I could not help but think of her as I read this book. But, the main character in Hyacinth Girls is a girl named Callie who was first a bully her self and then was bullied. She was completely unlikeable. I had trouble drumming up any sympathy or empathy for her, even as she moved toward suicide as the only way out. It's hard to like a book that doesn't let you care enough about it's middle-school-aged character to care whether she lives or dies.

Plus, the book had a lot of flashbacks to her caregiver's younger days and I found that storyline completely uninteresting. What kept me reading was the fact that I was trying to wade through the facts and figure out whether my narrators were even reliable. I didn't entirely trust that what they were telling the reader was true.


*I received this book from Blogging for Books in exchange for this review.

Saturday, April 18, 2015

Book Review: The Real Doctor Will See You Shortly

I could not put this book down! I read the entire memoir in one day and felt like I was on a roller coaster ride the whole way through.

The Real Doctor Will See You Shortly is Matt McCarthy's memoir of his first year of residency at Columbia Hospital. He starts off with one of his first medical diagnostic mistakes; one that haunts him for months (maybe years?) to come. We see immediately how vulnerable these young, fresh-out-of-school residents are and how much they have to learn on-the-job -- which is scary because the only way they can learn to practice medicine is by literally practicing on people!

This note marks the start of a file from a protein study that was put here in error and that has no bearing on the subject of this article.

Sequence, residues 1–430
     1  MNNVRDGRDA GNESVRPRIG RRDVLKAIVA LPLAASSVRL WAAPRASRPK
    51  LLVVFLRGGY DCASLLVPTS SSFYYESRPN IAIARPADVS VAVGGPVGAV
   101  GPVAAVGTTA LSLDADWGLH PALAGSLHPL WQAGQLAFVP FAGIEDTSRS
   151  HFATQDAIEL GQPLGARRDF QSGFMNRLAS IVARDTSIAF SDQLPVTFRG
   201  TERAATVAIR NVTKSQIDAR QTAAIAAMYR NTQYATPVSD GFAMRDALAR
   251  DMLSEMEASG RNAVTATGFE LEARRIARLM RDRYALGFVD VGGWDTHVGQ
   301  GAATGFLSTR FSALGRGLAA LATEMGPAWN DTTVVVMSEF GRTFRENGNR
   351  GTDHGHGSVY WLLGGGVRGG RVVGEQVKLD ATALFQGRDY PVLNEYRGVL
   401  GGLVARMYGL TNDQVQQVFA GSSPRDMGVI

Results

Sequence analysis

I have never wanted to work in the medical profession and never will. But recently, my son has decided that he wants to go to medical school and he has already completed a year of EMS training. I couldn't picture my son as a doctor until I read this book and saw so much of him in Matt -- the idealism, the high's and low's, the curiosity, and the sureness that you are making a difference in the lives of these people.

I was appalled as I read some of it. Like the time Matt had to insert a large IV tube into a cardiac arrest patient and missed the spot three times before getting it. Or the time he pushed on the tender belly of a drug mule to assess whether any of the heroin-filled balloons inside her had burst. Both instances turned out fine, but I was as nervous about these things as he was.

Then there was the time that he drew blood from an HIV patient and accidentally pricked himself with the needle right afterward. I won't tell you what happens from there. You have to read the book yourself.

Matt McCarthy is actually a man of many talents. He started out as a baseball player, then went into medicine, and has proven himself a talented writer as well. I don't know what he'll go on to do with his life, but I hope he keeps on writing!

* I received this book from Blogging for Books in exchange for this review.

Saturday, February 28, 2015

5 Years of the Same Question

I love this little gold journal! I'm on Year 5 of my Q&A Diary and it's been much more insightful than I could have ever imagined.

I learned early that it's best to provide a detailed answer to each daily question. Some questions seem like they only need a one-word answer:
  • Are you a student or a teacher?
  • Are you happy?